[Beowulf]Infrastruture planning for small HPC 40/100 gigabyet eyhernet or Infiniband?

Jim Lux james.p.lux at jpl.nasa.gov
Mon Jul 28 10:19:10 EDT 2008


Quoting "Robert G. Brown" <rgb at phy.duke.edu>, on Mon 28 Jul 2008  
06:15:44 AM PDT:

> On Mon, 28 Jul 2008, Eugen Leitl wrote:
>
>> On Sun, Jul 27, 2008 at 07:19:56PM -0700, Jim Lux wrote:
>>
>>> bear in mind that ordinary ethernet both coax and twisted pair is
>>> galvanically isolated.
>>
>> This is strange, because I've seen (small) sparks and received (mild)
>> shocks from both, in two different locations.
>
> Ground loop.  Very dangerous.  You go first...;-)
>
>    rgb


Very odd.. I'd be looking for an outright short from the cables to  
something (or, a LOT of capacitive coupling)...

After all, the twisted pairs are isolated at BOTH ends..

Now, there is Power over Ethernet these days.. Basically uses each  
pair of wires as a single conductor (i.e. they feed the juice in at  
the center tap of the isolation transformer)  but, again, that  
shouldn't be sparking/shocking.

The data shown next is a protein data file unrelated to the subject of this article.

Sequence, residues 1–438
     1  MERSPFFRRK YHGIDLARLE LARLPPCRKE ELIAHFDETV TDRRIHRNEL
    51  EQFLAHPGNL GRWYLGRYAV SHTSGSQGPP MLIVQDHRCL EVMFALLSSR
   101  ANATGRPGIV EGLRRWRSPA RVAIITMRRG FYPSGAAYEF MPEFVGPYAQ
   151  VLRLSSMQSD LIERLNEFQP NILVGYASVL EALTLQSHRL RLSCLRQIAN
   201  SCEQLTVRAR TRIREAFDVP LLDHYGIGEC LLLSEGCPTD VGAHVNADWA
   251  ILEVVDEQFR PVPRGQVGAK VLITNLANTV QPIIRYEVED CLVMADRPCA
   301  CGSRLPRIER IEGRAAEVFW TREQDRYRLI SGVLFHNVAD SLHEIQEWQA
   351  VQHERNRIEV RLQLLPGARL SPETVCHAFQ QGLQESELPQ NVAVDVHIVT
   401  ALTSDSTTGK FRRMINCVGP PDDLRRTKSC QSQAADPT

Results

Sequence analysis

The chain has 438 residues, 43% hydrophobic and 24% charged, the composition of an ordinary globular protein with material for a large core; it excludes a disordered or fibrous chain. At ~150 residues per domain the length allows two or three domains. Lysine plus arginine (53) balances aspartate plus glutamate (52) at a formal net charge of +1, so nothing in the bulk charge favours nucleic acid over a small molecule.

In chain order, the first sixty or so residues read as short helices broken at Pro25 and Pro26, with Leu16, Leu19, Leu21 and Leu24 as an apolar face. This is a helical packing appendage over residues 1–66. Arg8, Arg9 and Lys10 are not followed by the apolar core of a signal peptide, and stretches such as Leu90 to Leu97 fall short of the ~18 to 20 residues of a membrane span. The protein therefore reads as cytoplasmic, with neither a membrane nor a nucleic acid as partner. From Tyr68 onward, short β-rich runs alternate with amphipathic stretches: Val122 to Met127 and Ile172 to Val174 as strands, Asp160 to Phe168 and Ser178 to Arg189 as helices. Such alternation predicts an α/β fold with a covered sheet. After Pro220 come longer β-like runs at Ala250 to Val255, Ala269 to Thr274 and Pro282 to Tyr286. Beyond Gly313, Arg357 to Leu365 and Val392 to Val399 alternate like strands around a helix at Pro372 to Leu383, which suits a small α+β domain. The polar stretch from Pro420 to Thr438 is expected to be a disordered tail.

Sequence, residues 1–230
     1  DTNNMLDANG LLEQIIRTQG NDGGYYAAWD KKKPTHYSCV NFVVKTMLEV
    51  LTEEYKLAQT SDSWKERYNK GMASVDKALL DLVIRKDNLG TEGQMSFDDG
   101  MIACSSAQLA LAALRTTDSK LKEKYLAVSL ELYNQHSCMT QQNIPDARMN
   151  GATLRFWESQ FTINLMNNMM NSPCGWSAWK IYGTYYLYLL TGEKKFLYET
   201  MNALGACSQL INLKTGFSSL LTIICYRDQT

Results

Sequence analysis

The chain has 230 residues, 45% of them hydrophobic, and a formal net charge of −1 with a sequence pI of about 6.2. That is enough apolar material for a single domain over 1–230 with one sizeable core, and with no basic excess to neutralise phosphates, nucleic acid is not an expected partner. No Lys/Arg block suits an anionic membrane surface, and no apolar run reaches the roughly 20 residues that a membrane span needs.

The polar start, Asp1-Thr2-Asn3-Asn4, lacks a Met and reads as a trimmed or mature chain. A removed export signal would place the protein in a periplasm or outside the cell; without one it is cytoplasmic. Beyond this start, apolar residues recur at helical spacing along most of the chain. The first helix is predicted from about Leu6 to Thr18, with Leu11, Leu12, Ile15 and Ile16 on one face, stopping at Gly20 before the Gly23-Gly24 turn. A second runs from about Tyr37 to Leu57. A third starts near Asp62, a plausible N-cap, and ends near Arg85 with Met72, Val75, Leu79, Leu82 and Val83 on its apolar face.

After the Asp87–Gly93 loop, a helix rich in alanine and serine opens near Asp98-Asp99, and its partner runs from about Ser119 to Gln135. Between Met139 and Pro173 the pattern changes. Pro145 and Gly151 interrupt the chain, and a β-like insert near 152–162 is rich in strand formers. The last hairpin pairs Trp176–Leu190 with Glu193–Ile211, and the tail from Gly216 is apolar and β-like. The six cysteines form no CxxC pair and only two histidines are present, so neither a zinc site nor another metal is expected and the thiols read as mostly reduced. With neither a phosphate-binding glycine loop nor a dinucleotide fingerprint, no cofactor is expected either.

>
>>
>> As you say, http://www.apcmedia.com/salestools/FLUU-5T3TLT_R1_EN.pdf
>> claims Ethernet is immune, yet I've read somewhere that Gigabit ethernet
>> is more susceptible than Fast Ethernet. I've got (cheap) UPSen for
>> almost all equipment, maybe they're the problem and not the switching
>> power supplies.
>>
>> In any case I'll have an electrician diagnose the problem. Unfortunately,
>> I anticipate his solution would involve pulling through a new   
>> large-crossection
>> ground wire to several locations. It is at this point that lack of wall
>> conduits will become quite painful.
>

Nope.. shouldn't require a separate grounding conductor, at least not  
along with your cabling.

What you might want to do is see if your electrical safety ground  
(third pin/green wire ground) at the two ends is at a radically  
different voltage.  You might have a miswired receptacle.

You should be able to just drag a single conductor through the house  
and use a multimeter to measure the voltage between the ground pins,  
and it should be zero, or pretty darn close.. use the AC setting, and  
put a small (few K) load resistor across the meter, so you don't get  
fooled by electrostatic/electromagnetic coupling... which will induce  
several volts, at least into an open circuit.



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